As New York braces for as much as a foot of snow, the Lower Manhattan Cultural Council (LMCC) is determined to turn the winter of our discontent into a winter wonderland. This week, the nonprofit announced an open call for proposals for the first ever Governors Island Winter Ice Sculpture Show. New York City-based artists are encouraged to submit an idea for an ice sculpture, to be constructed and displayed in a two-hour public event in the new Winter Village on the island’s historic Colonels Row on Saturday, February 26.
Proposals are due February 9 and should be “based on the use of a clear ice block sized approximately 40 x 20 x 10 inches,” according to the application form, though the final work does not need to remain in block dimensions.
Ten artists (or artist team) proposals will be selected by a jury of NYC cultural leaders. Each artist or group will receive an award of $2,000 to participate as well as tools and production materials, and will be matched with a professional ice carver from the Queens-based artist collective Okamoto Studio to complete the work on the day of the event. The firm, which handles the creation of professional ice sculptures for fashion and media events, parties, interactive installations, and live carving events, is also helping facilitate the competition.
Ice and snow festivals are a popular wintertime attraction, though the famous Sapporo Snow Festival in Japan has been cancelled for the last two years due to COVID-19 concerns. Michigan and other colder states that hate to see good snow go to waste are replete with wintry art festivals. New York’s unrelenting creatives have been known to venture out even on the chilliest days to make meticulous snow art — such as artists Melissa Vadakara and Marios Tzavellas’s tribute to Greek Classical sculpture in Astoria Park last year.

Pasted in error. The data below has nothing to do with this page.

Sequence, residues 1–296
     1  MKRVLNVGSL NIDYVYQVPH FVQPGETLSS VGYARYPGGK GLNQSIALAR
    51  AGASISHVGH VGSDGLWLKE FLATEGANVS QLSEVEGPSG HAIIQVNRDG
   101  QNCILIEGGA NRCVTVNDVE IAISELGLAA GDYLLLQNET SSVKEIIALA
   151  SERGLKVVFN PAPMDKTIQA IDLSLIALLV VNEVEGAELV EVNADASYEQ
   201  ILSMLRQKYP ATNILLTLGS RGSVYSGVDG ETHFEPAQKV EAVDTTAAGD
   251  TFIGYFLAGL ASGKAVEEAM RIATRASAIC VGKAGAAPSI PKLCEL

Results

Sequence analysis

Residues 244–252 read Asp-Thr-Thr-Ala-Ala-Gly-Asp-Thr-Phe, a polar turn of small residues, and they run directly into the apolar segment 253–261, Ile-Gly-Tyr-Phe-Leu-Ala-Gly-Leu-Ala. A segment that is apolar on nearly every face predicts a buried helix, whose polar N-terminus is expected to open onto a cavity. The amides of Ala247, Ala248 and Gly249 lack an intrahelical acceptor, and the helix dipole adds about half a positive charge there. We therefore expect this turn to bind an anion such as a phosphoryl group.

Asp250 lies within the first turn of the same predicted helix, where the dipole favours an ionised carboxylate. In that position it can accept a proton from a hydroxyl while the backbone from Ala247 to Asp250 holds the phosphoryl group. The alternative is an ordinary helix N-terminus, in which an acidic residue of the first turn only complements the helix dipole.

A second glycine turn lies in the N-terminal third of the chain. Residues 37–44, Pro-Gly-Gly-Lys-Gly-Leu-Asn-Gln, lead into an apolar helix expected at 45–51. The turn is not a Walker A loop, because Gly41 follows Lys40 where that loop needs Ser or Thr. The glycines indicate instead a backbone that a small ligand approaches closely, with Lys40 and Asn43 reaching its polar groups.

The Ice Sculpture Show is the first event in Governors Island’s inaugural winter season of public programming. April may be the cruelest month, but February is kind of a drag, and we could all use a little ice-spiration. So shake off the icicles and start firing up your best ice sculpture ideas!
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Join the New-York Historical Society on February 10 for a virtual conversation about our changing relationship to the natural world with Julie Decker, John Grade, and LaMont Hamilton.
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20th Century Indian Art: Modern, Post-Independence, Contemporary surveys the many distinct aspects of art in South Asia.
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